including any component or anything fitted or connected to any of those items. Plant includes items as
diverse as hoists, cranes, computers, machinery, vehicles, power tools, etc. (as per Code of Practice
– Managing risks of plant in the workplace).
Risk is the possibility that death, injury or illness might occur when exposed to a hazard.
Safety Data Sheet (SDS) is a document prepared by the vendor (manufacturer/importer/supplier) of a
chemical which describes uses, chemical and physical properties, health hazard information,
precautions for use, safe handling and emergency information. It is a legislative requirement for the
vendor to supply a copy of the SDS for each chemical to the end user.
Worker means any person carries out work in any capacity for the University, including but not limited to,
University’s staff member, contractor, subcontractor and their employee, apprentice or trainee, student
gaining work experience, and volunteer;
Workplace means a place where work is carried out for the University and includes any place where a
worker goes, or is likely to be, while at work. This may include, but is not limited to, laboratories,
workshops, training rooms, on-site recreational facilities, vehicles or vessels, on field trips, in teaching
facilities, in offices, in rural environments and any area of industry operations.
3. Health and Safety Responsibilities
3.1
How to manage work health and safety risks
It is the responsibility of all workers to identify any hazards and ensure they are reported to
supervisors or management so that effective controls can be implemented. Employees are
encouraged to attend WHS Risk Management Training and to read the CDU Risk Management
Policy. http://www.cdu.edu.au/governance/policies/pol-036.pdf
This document will provide information relating to:
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3.2
Duty of Care
Duty to identify hazards
Managing risks to health and safety
Hierarchy of control measures
Maintenance of control measures
Review of control measures
Duty of Care
Primary duty of care – Persons conducting a business or undertaking (PCBU) must ensure, so far
as reasonably practicable the health and safety of all persons engaged or influenced by the persons
activities, by eliminating or minimising the exposure to hazards and risks.
Workers and others – while at work, a worker must take reasonable care for their own health and
safety whilst also taking all reasonable measures to ensure that their acts or omissions do not
adversely affect the health and safety of other persons. The worker must comply and cooperate with
any reasonable policy or procedure relating to health or safety at the workplace.
Work Health and Safety Policy http://www.cdu.edu.au/governance/policies/pol-044.pdf
Risk management is about exercising responsibility to ensure workers and the public are properly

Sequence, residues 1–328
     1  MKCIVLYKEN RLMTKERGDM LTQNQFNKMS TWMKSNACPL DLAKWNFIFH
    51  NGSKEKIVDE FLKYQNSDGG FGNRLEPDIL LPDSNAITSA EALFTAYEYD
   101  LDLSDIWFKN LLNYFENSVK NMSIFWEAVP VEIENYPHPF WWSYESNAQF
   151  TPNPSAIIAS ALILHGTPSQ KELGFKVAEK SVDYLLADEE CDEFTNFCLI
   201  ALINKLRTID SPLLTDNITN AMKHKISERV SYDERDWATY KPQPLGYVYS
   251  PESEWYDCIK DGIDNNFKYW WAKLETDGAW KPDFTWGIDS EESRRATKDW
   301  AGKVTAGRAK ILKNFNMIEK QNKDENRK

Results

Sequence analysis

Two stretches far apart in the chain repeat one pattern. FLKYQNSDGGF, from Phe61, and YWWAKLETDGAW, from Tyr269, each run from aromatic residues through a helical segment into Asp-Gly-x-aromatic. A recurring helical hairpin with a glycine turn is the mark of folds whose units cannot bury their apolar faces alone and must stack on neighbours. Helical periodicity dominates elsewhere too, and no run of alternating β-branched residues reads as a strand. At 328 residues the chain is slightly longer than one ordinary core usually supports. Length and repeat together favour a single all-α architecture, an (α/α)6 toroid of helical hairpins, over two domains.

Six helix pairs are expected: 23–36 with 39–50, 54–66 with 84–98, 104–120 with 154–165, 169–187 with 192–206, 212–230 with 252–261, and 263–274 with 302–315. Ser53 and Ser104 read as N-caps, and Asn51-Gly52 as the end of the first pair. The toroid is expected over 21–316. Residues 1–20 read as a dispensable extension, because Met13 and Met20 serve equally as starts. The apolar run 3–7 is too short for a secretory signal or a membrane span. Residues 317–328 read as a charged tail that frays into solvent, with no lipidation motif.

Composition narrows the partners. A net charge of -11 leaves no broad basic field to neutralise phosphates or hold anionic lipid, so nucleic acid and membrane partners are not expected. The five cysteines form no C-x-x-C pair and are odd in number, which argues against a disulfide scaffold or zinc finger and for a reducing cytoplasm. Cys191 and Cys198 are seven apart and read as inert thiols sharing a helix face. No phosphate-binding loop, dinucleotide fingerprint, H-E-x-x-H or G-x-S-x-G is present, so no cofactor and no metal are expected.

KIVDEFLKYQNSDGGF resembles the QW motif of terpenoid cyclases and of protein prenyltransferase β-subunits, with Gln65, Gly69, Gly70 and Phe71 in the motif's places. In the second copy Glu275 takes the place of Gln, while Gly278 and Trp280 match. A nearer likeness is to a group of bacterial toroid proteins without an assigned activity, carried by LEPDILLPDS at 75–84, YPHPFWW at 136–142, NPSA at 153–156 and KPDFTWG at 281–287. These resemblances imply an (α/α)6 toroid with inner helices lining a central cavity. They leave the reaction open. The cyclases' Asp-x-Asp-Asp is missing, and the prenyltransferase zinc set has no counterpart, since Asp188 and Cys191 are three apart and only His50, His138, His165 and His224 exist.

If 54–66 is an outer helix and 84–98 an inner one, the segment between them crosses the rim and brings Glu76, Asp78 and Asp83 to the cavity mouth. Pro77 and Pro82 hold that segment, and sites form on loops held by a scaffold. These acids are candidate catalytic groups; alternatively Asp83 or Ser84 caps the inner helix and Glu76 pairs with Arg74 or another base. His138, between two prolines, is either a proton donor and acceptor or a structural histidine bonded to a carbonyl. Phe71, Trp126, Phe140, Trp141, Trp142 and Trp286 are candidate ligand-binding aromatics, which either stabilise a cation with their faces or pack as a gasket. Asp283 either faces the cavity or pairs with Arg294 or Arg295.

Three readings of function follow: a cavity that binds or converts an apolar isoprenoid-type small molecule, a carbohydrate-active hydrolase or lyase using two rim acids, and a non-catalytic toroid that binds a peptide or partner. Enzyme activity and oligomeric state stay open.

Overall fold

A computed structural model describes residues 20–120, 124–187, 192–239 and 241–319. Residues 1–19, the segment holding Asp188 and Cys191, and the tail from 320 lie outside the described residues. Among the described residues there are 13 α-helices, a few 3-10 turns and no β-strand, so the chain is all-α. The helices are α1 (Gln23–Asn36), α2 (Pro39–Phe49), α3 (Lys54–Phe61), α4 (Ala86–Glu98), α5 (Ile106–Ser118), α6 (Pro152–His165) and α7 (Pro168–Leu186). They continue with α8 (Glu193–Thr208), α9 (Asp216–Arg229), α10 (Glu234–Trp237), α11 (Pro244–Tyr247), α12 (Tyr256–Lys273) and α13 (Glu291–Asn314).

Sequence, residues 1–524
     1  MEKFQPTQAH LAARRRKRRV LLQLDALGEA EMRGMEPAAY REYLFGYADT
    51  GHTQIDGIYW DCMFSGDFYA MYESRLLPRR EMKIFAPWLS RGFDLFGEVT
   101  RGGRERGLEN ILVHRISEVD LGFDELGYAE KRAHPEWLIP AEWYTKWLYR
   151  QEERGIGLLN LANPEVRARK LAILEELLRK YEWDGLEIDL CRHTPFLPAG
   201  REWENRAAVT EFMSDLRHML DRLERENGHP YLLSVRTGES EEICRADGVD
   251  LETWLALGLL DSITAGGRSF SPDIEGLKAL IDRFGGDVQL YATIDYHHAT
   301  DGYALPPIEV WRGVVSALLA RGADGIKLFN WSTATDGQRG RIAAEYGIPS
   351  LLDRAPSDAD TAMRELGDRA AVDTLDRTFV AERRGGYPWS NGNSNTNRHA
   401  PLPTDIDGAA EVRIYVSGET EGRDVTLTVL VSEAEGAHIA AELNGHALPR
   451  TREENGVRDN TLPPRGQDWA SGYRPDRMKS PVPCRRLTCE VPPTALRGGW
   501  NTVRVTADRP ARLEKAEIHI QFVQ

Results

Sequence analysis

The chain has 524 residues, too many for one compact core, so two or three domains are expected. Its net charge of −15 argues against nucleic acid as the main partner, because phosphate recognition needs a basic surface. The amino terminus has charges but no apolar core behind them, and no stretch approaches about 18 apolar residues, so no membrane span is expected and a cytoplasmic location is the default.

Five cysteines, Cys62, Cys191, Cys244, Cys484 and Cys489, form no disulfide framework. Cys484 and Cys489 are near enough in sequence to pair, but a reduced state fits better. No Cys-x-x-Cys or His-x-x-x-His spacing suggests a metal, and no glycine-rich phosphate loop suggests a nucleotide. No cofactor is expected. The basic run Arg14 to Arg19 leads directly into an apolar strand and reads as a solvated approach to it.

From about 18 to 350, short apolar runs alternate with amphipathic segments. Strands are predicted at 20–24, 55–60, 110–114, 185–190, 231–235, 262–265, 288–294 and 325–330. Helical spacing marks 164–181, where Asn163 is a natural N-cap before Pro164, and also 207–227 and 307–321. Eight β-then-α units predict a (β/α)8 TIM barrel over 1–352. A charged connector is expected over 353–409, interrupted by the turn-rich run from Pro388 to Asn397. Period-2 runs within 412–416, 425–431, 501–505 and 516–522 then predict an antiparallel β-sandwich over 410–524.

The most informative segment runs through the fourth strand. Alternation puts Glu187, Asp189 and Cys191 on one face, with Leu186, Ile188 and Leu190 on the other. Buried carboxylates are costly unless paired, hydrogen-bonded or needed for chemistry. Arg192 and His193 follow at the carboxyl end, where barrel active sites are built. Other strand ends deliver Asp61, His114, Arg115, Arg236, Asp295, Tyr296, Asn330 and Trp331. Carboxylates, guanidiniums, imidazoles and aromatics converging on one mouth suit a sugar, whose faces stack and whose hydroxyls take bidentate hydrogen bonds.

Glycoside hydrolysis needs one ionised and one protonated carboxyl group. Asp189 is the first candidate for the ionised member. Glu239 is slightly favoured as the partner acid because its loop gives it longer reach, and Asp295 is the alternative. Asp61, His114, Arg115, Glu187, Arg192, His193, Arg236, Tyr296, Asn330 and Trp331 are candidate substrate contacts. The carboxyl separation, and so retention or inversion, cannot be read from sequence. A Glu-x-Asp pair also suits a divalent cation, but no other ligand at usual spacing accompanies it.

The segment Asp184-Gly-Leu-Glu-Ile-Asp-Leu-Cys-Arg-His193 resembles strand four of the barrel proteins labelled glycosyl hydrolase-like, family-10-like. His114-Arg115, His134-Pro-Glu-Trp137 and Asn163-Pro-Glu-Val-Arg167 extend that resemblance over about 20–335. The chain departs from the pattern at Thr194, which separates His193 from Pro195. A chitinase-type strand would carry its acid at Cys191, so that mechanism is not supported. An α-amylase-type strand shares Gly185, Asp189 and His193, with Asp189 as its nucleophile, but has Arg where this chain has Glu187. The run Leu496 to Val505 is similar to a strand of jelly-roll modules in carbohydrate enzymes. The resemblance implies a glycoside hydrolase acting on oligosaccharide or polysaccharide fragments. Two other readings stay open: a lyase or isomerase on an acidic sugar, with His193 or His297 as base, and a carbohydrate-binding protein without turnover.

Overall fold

protected. The Risk Assessment Form allows you to identify the hazard, then identify and control
the associated risk.
Risk Assessment Form
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4. General Workshop Management
The following principals apply to all individuals working within University workshops:

Keep the workshop clean, organised and tidy at all times.

Report all hazards, unsafe conditions and work practices to the workshop supervisor.

The last person leaving the workshop at any time must ensure that the workshop is
locked to prevent unauthorized entry. No staff member or other unauthorized persons
are to enter the workshops out of hours, unless access has been approved by the
relevant Supervisor, and Security is advised of the out of hours work.
Emergency Management Plan
CDU has an Emergency Management Plan in place to ensure the safety of the University community
http://www.cdu.edu.au/governance/Plans/emergencymanagementplan.pdf. The plan provides the
framework for the effective response to emergencies and/or disasters, and management of the return to
normality.
As a result, Team Leaders, Building Wardens, Wardens should ensure:

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That an Evacuation Diagram/s for the building is displayed in a prominent position/s
throughout the building.
Ensure a level of preparedness within the building by having a sufficient number of Wardens
(ECO members).
Participate in Emergency Evacuation Exercise training and drills
Develop an area specific “Action Plan” relevant to the risks, taking into account assistance to
mobility impaired, students and visitors.
Ensure clear access and egress to emergency exits at all times
5. Induction, information, training and supervision
For the application of safe practices involved in workshop activities, Supervisors, workers and others
should be formally trained and have the required knowledge and authorisation to use the workshop
machinery. This is particularly important for new employees or inexperienced people.